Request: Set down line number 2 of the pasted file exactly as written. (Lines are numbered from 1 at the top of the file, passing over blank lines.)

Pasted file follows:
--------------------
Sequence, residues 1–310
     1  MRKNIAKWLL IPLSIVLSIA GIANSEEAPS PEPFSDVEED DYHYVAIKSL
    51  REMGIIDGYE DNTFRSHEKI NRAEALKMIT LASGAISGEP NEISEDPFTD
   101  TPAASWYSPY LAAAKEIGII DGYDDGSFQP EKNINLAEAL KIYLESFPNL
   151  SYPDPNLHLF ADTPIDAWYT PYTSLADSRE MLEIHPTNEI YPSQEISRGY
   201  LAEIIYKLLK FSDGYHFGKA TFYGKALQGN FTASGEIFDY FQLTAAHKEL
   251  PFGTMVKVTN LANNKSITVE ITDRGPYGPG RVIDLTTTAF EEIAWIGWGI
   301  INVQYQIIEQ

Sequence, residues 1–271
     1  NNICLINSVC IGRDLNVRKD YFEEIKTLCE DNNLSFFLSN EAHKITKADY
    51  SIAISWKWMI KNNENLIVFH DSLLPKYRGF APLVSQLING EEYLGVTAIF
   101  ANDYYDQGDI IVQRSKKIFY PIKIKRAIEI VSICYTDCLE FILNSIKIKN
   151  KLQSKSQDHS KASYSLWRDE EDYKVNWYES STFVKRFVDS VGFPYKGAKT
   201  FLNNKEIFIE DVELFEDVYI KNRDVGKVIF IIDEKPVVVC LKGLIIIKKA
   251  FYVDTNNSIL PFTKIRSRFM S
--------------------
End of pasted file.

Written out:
     1  MRKNIAKWLL IPLSIVLSIA GIANSEEAPS PEPFSDVEED DYHYVAIKSL